Borland situation creates new challenge for scouts
Obviously, the 49ers wouldn’t have used a third-round pick on linebacker Chris Borland in 2014 if they’d had an inkling he may call it a career after only one season. Borland’s decision introduces a new complexity for scouts -- determining whether a player may decide to walk away from the game prematurely.
There may be no way of spotting a propensity to choose to retire early, especially since the phenomenon is new and still too rare to allow teams to articulate potential factors. But in San Francisco, G.M. Trent Baalke undoubtedly has been asking himself whether he missed whatever evidence there may have been to indicate that Borland may not be long for the NFL.
Moving forward, look for teams to try to come up with ways to ensure that players on whom a draft pick will be invested will be invested in the profession. Already, many scouts focus on whether a player truly loves football. Borland’s decision raises the stakes for teams intent on finding players who have a high level of devotion to the sport.
“No offense to anyone but I’m playing until I can’t anymore. I love this game too much,” Seahawks linebacker Bobby Wagner said on Twitter in reaction to the news. That’s what teams will be looking for, especially in guys who play positions susceptible to concussions.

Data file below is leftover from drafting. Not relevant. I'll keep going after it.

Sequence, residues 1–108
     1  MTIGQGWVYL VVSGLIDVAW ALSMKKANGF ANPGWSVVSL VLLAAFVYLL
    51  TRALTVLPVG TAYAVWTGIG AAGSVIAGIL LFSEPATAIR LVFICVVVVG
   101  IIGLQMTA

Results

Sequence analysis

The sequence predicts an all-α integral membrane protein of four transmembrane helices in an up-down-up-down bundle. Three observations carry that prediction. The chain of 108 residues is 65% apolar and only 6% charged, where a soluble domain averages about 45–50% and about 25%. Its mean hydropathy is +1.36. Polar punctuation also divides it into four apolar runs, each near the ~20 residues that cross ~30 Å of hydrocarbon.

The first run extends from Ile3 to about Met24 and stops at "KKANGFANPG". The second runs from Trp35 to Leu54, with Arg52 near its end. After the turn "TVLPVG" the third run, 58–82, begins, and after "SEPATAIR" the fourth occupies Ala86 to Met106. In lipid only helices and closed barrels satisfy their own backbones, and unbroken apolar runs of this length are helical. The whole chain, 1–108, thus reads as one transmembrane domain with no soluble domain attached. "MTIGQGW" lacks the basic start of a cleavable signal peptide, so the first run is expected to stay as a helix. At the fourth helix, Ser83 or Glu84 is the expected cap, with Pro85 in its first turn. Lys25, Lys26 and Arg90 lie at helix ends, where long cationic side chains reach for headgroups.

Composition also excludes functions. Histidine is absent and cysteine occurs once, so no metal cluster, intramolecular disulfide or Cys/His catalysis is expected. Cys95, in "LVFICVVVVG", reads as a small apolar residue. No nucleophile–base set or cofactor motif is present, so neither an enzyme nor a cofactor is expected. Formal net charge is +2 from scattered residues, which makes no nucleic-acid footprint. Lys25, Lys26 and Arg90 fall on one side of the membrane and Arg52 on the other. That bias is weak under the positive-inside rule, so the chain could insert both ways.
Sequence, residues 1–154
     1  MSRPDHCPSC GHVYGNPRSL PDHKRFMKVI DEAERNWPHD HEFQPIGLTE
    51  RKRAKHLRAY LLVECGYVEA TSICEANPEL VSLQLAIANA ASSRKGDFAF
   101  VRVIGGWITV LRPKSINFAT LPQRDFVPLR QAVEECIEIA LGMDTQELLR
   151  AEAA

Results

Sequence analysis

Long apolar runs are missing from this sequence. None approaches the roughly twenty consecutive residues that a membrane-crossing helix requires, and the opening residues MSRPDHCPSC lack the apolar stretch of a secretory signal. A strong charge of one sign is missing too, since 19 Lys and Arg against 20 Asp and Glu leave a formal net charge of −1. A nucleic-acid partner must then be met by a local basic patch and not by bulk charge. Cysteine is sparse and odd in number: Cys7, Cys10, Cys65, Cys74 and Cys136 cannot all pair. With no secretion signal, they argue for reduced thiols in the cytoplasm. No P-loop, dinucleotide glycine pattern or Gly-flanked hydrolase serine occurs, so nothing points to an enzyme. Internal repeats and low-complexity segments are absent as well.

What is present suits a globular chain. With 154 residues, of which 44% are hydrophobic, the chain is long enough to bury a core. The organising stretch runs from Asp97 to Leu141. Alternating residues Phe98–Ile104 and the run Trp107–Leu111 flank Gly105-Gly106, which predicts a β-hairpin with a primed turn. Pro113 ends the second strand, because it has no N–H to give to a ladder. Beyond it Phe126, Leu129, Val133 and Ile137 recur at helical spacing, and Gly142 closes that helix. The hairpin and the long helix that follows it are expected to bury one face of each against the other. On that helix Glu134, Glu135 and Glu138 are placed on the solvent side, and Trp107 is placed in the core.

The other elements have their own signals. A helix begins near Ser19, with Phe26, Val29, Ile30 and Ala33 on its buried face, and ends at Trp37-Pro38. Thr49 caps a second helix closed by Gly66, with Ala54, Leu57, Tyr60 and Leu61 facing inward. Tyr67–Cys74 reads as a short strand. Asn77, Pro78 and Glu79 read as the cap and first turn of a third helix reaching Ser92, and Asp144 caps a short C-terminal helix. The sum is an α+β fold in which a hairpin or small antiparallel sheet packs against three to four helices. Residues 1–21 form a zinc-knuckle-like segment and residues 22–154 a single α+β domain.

Ultimately, some teams may decide there’s no way to know how players who have never played NFL football will react to the intensity of the highest level of the game. A kid who loves football after playing in high school and college may decide after getting a taste of it at the professional level that it’s not something they want to do for as long as they physically can.
But regardless of whether there is or isn’t a way to flag a player who may retire after only one NFL season, the Borland situation underscores the importance of at least raising the question before using the pick. After the pick has been used and the player surprises everyone by retiring, the question definitely will be raised internally regarding whether the G.M., the director of college scouting, and anyone else whose fingerprints are on the pick should have seen it coming before the player was drafted.